Point to Share: I just hope that the families of the United States of an America that do not speak English and are forced to learn it are not being torn apart like the family in the article.  A mother should have to make small talk to have a conversation with her family.
I think that is article really connects to Amazing Grace by Jonathan Kozol, and The Silenced Dialogue by Lisa Delpi.  Aria and Amazing Grace both show how families are affected by the “culture of power”.  In Amazing Grace, families were moved into the south Bronx because they were not part of the middle or upper classes.  They were poor families, so they stuck them in a bad part of New York.  We basically told these people that they were not good enough to live where they wanted.  In Aria, the family was told to speak English, “for the sake of their children”.  They did not speak English so the nuns forced the parents to only speak English at home, changing the children’s home environment. 

Saturday, February 9, 2013

Amazing Grace by Jonathan Kozol - Quotes

One quote that’s important is, “She seems resigned to things the way they are. ‘That’s how it is.  What can I say?’ she often asks” (Kozol 17).  This first time I noticed Kozol using this quote is when he is having a conversation with Alice Washington about the newspapers.  Kozol uses that line again when Alice is talking about the young girl who had to be buried by the city.  It sounds like Alice Washington feels that she has to apologize for the way her city works.  Alice is apologizing for the condition that the city is in.  It is not Alice’s fault that those children were shot in the park, that families are ruined because of shootings; she did not pull the trigger.

Another quote that I found was, “As confident and grown-up as he sounds, he has the round face of a baby and is scarcely more than three and a half feet tall.  When he has bad dreams, he tells me, ‘I go in my mommy’s bed and crawl under the covers’” (Kozol 8).  I thought this quote was really important because it shows that even though Cliffe acts tough, he is still a little boy.  The innocence that children have is being taken away from them.  Cliffe is so used to seeing violence, drug deals and other things in his neighborhood that he got used to it.  But how can a child become so comfortable with all of the violence that occurs in an area like that, if some grown men cannot handle it when they go to war?

I think is important is when Kozol says, “Many social scientists today appear to hold this point of view and argue that the largest portion of the suffering poor people undergo has to be blamed upon their own “behaviors,” a word they tend to pluralize” (21).  Any sane person would not willingly choose to have two different types of cancer, contract AIDs, and be beaten by her husband.   Kozol ends his description with the statement, “I have yet to figure out what she has done that was irrational” (22).  I will agree that sometimes people’s actions are the reason that they become poor or homeless, for example losing everything due to gambling.  In many cases people who are poor/homeless have a similar story to Alice Washington.  How can they be blamed?  People tell them to get a job; do what you need to, to move up in life.  Unfortunately it’s not that simple.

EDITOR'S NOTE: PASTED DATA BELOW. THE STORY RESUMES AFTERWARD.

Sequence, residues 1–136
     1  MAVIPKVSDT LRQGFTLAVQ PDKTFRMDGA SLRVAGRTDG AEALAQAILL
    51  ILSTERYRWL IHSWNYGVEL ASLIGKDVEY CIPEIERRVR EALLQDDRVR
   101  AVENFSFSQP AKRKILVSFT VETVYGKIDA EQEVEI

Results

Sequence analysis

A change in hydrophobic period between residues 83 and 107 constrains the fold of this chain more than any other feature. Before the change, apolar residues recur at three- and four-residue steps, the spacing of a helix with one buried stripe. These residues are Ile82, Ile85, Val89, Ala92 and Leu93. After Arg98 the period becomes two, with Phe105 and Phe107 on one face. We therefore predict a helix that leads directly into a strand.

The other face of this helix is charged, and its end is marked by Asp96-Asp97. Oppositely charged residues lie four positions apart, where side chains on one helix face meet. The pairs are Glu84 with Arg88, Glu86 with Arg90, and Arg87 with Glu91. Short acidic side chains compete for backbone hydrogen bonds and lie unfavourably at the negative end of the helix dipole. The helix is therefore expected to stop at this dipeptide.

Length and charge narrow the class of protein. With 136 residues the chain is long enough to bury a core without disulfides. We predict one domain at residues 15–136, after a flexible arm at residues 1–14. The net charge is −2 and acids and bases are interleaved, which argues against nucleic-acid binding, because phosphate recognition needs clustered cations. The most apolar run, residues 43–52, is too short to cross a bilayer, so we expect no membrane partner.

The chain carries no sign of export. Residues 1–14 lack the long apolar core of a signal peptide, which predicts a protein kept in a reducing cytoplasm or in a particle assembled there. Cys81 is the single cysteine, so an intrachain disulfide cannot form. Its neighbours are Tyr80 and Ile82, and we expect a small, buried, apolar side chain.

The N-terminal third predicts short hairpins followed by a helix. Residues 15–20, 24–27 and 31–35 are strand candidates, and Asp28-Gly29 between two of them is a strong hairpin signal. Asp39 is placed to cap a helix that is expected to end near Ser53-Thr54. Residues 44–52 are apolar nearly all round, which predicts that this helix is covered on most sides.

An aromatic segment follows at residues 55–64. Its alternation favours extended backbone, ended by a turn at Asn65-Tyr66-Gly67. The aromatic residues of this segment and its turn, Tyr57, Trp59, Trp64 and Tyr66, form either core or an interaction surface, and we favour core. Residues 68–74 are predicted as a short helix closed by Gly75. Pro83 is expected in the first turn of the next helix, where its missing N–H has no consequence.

Point to share: People do end up in these situations, and have to learn how to cope to be able to survive.  But one thing that people should know is that not every single person that lives there is a scum-bag.  Just because it is a bad city or neighborhood, does not mean all of the people who live there are bad.  Central Falls is a great example.  One time my dance teacher drove me to the studio, and drove through Central Falls.  She thought we were going to get shot.  I go to church in Central Falls, and if you drive through Central Falls, you are not going to get shot.  

Friday, February 8, 2013


I am a dancer.  I dance at Shannon O’Brien School of Dance in Seekonk, Massachusetts.  I have been dancing for 17 years.  I love working with children.  I work in a daycare.   I teach dance and gymnastics.   Since I was probably about six years old I have wanted to be a teacher.  I am taking this class because I want to enroll into the Early Childhood Education program.  My dream has always been to teach Preschool.  I love to travel; I went to Spain and Morocco my senior year of high school.  My family has a camper and we go camping every weekend from April to October.  My family and I have camped in Maine, Massachusetts, New Hampshire, New York, Pennsylvania, Ohio, Virginia, Vermont, Connecticut, and Canada.  I have also been to Florida a couple of times.  I also like photography, and animals.  My favorite things to take pictures of are animals and landscapes.